Planning and Implementation of a Student-Led Immunization Clinic

By Dang, Christina J.; Dudley, Janet E. et al. | American Journal of Pharmaceutical Education, June 2012 | Go to article overview

Planning and Implementation of a Student-Led Immunization Clinic


Dang, Christina J., Dudley, Janet E., Truong, Hoai-An, Boyle, Cynthia J., Layson-Wolf, Cherokee, American Journal of Pharmaceutical Education


INTRODUCTION

US Healthy People is a comprehensive set of disease prevention and health promotion objectives for the nation to achieve over a decade. (1) One of its objectives is to increase the immunization rate to 90% for influenza and pneumococcal immunization coverage among adults 65 years of age or older and to 60% for high-risk adults 18-64 years of age, with similar goals for Healthy People 2020. (1) Vote & Vax, a national program established by the Robert Wood Johnson Foundation (2) in collaboration with Sickness Prevention Achieved through Regional Collaboration, provides immunizations near polling sites on election day. Since the expansion of Vote & Vax to multiple states in 2004, the program mainly targets influenza prevention in underserved communities. Of the 21,434 people who received influenza vaccinations through the project, 48% had not received an influenza vaccination in the preceding year or would not have otherwise been vaccinated, which qualified them as new recipients. (2)

In the 2004 national elections, approximately 125 million Americans voted, with 65% to 70% of those being greater than 50 years old. (3) The more than 180,000 polling sites across the nation offer countless opportunities to reach medically underserved populations. The provision of vaccinations on election day can be used to target underserved populations, including minorities and the elderly, thereby decreasing hospitalizations and lowering healthcare costs. The inaugural Maryland Vote & Vax program targeted Prince George's County because of its historically low vaccination rates of less than 13.5%. (4)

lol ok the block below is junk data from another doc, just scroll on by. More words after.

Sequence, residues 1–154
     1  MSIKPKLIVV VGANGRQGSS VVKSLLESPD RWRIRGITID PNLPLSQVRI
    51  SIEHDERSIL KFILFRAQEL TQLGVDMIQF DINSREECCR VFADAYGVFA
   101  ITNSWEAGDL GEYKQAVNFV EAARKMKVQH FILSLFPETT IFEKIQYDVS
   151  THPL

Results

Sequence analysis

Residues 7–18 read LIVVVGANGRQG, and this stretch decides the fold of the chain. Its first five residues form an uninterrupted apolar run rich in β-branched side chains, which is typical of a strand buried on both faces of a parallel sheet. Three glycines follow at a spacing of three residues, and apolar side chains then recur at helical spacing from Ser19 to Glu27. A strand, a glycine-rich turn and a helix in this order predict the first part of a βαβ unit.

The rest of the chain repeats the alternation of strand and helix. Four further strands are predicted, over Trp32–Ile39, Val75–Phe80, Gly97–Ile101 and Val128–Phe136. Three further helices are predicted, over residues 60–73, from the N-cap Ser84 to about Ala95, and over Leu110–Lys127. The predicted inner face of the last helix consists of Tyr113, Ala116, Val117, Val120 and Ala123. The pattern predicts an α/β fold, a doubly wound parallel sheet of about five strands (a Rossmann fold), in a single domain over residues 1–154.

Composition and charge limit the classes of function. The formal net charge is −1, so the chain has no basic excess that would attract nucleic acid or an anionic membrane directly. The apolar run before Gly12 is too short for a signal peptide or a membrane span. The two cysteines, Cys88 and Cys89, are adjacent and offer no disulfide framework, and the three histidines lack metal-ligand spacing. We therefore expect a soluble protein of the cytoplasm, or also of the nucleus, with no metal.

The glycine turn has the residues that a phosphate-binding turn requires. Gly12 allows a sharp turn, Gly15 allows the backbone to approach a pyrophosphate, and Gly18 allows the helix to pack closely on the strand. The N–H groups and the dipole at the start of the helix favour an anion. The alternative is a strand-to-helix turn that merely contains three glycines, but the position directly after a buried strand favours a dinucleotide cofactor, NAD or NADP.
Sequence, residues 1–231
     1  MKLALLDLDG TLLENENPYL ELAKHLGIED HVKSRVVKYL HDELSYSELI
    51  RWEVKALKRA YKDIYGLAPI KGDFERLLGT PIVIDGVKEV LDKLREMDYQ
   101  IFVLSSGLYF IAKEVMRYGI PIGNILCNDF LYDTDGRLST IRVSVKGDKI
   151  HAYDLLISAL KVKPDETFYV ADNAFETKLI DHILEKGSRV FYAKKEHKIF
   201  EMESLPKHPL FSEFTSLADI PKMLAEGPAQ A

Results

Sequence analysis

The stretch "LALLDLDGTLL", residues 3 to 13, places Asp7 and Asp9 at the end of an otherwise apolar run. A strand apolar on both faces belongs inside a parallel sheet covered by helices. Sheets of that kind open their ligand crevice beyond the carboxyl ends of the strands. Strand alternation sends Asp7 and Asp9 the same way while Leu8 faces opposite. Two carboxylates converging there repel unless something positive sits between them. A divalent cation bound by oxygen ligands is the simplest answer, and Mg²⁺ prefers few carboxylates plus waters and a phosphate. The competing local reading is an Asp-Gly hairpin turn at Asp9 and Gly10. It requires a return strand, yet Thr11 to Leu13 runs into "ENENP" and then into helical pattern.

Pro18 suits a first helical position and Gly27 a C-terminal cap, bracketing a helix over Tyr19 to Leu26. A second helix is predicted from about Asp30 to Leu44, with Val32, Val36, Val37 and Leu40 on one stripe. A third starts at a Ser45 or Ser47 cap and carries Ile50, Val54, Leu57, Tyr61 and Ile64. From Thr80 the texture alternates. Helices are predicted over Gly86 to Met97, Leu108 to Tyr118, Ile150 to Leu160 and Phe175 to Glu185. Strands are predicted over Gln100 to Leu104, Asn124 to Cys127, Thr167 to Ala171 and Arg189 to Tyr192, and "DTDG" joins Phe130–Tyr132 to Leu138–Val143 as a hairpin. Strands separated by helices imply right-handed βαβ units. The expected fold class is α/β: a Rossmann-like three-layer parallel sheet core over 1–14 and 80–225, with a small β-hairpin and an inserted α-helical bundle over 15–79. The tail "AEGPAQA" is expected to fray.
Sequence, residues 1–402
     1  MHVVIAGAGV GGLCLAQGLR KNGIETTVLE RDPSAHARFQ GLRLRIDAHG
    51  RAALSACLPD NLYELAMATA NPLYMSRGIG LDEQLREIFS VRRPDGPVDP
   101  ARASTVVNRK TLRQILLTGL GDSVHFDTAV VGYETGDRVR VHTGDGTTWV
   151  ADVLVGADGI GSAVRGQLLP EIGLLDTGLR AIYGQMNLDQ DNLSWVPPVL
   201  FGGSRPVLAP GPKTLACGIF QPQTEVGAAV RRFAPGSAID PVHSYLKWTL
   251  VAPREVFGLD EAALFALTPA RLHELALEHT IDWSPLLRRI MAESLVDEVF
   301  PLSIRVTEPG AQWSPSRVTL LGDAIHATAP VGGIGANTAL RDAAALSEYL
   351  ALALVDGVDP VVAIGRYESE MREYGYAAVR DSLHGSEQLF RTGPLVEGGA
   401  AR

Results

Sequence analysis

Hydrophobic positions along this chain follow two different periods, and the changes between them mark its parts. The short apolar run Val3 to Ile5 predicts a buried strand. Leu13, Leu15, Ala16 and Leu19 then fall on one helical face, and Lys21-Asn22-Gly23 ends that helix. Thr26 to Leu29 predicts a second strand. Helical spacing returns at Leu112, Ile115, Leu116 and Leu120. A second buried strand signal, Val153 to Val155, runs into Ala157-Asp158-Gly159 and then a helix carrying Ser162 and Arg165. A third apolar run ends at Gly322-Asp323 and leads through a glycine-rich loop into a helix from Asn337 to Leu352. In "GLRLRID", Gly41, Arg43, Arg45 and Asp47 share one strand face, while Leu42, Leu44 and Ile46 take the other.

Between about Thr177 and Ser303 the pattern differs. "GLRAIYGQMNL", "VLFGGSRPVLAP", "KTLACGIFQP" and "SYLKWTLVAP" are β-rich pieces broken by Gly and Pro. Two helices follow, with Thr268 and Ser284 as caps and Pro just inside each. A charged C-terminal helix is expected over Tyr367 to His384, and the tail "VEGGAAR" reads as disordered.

Pharmacists are authorized to immunize in all 50 states and play key roles in educating patients about vaccinations. (5) The American Public Health Association 2006 policy statement on "The Role of the Pharmacist in Public Health" recognizes the important role of the pharmacist in the public health arena. (6) As readily accessible health care providers, pharmacists have the opportunity to increase immunization rates. (5) Providing immunization services can increase public awareness of the expanding role of pharmacists as well as provide a valuable public health service to underserved communities.

This article describes a 13-step process accompanied by action items, explaining the planning and implementation process for a student and faculty pharmacist-led influenza clinic on election day to increase immunization rates and improve public health. Lessons learned and practical recommendations are also provided, as well as an evaluation of the process, impact, and outcomes of this public health program.

THE THIRTEEN-STEP PROCESS

A 13-step process was developed and implemented for the Vote & Vax influenza clinic on Election Day 2010 at a community center in Prince George's County, Maryland.

1. Conceptualize an Idea

The idea of implementing the Vote & Vax initiative in Maryland resulted from a discussion between a student pharmacist and her preceptor during a public health pharmacy practice experience at the University of Maryland School of Pharmacy. After reading about the Vote & Vax initiative, the student recruited a classmate with public health experience to discuss implementation of Vote & Vax and conduct a needs assessment with guidance from her preceptor.

2. Conduct a Needs Assessment